On display are images by Roger Fenton from the Crimean War and Linnaeus Tripe’s shots from a flood-swept India. Naturally Henry Fox Talbot’s capture of Nelson’s Column being constructed in Trafalgar is also on show, but the show isn’t intended as a historical archive, Prospero writes: “This show makes very clear that photography’s earliest practitioners appreciated the artistic possibilities of the new medium.” According to the Evening Standard, “you see […] not just a portrait of the world in the 19th century but the blueprint for the dominant and democratic medium of our own age”.
Joint tickets for entry to Sculpture Victorious, also at Tate Britain can be arranged.
Closing soon
Where: Tate Britain.
Ends: Sunday, 7th June, 2015.
See our recently updated page on London Photography Galleries to compliment this post on London Photography Exhibitions for information on opening times and maps.
More information: Tate Britain.


Alexander Lindsay: Altitude

Free admission
Alexander Lindsay counts Sebastião Salgado and Andreas Gursky amoungst his influences and his imagery has been consistently compelling. For this exhibition, Alexander Lindsay uses cutting-edge technology to painstakingly, digitally compile and render multiple photographs. Producing giant ‘jigsaw’ panoramas printed and mounted on dibond. He carries out the printing by hand in his studio in Scotland, printing on a vast yet highly detailed scale.

Altitude features gargantuan panoramic prints of vistas from his 20,000 mile, eight-month expedition across South America. You see snow-capped peaks, waterfalls, lakes, flamingos, salt plains all in minute, tack-sharp detail.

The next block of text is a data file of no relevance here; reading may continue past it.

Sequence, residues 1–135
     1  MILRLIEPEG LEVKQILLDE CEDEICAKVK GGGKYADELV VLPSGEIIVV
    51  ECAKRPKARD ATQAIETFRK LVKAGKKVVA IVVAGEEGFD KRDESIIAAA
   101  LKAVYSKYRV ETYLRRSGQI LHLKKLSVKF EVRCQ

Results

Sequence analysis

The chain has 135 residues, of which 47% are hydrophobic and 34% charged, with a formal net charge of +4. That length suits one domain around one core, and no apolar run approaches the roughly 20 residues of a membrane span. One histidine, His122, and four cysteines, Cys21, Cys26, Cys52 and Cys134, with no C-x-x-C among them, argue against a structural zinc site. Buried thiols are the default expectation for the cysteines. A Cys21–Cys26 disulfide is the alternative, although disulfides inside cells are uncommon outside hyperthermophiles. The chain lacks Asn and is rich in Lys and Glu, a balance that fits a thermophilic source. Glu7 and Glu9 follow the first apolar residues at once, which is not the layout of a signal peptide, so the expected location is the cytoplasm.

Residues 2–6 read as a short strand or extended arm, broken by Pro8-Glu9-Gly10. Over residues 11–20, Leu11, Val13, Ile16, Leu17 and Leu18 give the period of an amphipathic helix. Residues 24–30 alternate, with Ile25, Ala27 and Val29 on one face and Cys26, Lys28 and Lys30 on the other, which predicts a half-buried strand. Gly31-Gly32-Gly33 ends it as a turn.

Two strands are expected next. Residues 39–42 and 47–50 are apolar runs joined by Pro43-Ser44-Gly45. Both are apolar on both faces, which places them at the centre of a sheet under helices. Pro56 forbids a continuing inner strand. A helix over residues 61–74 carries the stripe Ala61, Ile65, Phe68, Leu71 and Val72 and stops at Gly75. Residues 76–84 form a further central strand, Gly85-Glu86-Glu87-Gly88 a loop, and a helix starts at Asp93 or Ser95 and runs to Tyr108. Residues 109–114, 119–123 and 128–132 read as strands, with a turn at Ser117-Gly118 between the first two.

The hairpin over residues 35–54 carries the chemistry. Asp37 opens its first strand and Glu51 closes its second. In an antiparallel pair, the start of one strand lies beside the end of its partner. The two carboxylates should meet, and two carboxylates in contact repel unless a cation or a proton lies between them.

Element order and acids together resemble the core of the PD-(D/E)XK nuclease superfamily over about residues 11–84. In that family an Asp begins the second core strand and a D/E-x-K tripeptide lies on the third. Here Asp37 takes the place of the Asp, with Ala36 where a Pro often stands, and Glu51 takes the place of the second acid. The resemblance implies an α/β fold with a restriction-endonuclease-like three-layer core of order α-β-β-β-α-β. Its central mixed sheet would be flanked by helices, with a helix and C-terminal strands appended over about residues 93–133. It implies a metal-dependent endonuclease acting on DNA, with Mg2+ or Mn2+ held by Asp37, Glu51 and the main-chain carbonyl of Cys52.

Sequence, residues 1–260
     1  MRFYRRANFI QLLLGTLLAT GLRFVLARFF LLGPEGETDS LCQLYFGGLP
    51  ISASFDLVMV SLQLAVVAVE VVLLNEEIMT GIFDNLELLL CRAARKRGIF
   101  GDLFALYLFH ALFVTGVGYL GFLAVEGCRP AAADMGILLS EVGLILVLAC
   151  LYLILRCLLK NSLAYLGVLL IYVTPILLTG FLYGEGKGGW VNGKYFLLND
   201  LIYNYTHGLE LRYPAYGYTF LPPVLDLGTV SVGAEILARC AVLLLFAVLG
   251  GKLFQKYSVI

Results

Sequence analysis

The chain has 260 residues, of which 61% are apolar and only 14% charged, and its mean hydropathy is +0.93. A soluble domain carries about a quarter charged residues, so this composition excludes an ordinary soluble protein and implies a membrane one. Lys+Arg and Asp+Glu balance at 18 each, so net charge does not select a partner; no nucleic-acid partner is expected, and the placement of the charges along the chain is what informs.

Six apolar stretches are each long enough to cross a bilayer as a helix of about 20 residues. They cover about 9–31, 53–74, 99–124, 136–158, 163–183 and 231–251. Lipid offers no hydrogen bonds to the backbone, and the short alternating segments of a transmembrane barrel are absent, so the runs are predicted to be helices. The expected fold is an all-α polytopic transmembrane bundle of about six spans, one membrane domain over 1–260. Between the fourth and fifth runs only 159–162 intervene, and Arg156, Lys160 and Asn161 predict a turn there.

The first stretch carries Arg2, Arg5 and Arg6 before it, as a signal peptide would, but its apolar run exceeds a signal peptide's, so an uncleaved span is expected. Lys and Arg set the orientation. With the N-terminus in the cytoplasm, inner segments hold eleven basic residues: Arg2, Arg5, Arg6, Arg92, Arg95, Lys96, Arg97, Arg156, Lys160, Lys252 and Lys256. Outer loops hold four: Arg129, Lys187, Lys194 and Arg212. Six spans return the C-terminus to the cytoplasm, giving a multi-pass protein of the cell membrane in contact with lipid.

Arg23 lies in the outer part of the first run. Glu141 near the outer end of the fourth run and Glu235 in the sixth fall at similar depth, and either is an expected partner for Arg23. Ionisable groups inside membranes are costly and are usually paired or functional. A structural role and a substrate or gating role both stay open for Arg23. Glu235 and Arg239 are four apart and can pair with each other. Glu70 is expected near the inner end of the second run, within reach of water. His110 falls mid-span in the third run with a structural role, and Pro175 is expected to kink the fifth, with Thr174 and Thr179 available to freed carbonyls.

“You can feel the warmth of the sun or the force of the wind, in a testimony to the escapism, which Alexander’s photography provides” The Velvet Whisper.

The exhibition is on at Piano Nobile Kings Place, just beside Kings Cross Station.

Free admission
Where: Piano Nobile Kings Place.
Ends: Saturday, 20th June, 2015.
See our regularly updated page on London Photography Galleries to compliment this post on London Photography Exhibitions for information on opening times and maps.
More information: Piano Nobile.


Tyler Udall: Boys

Free admission
Tyler Udall believes that women are significantly more sexualised than men, by photographers and by viewers. In his book, Auguries of Innocence, he “presents a body of deeply honest memories”: the book is a photo diary documenting four years of Tyler Udall’s life. “Boys” explores the sexuality of young men, blurring the lines between innocence and corruption. The captures are taken from the Auguries of Innocence book.

“[A] lovely mosaic of sex, laughter, loss and growth”, Dazed Digital.

The Little Black Gallery is in Chelsea, just off the Fulham Road.

Free admission
Where: The Little Black Gallery.
Ends: Saturday, 20th June, 2015.
See our regularly updated page on London Photography Galleries to compliment this post on London Photography Exhibitions for information on opening times and maps.
More information: The Little Black Gallery.


Magic Mirror: Exhibition of works by Claude Cahun and Sarah Pucill

Free admission
Claude Cahun, the French surrealist artist, was know for hallenging traditional gender roles in her work. This exhibition features small prints each of which invites a closer, inquisitive look. The reward: an alternative illusionary perspective.
The exhibition is on at Bow Arts: The Nunnery in Bromley-by-Bow.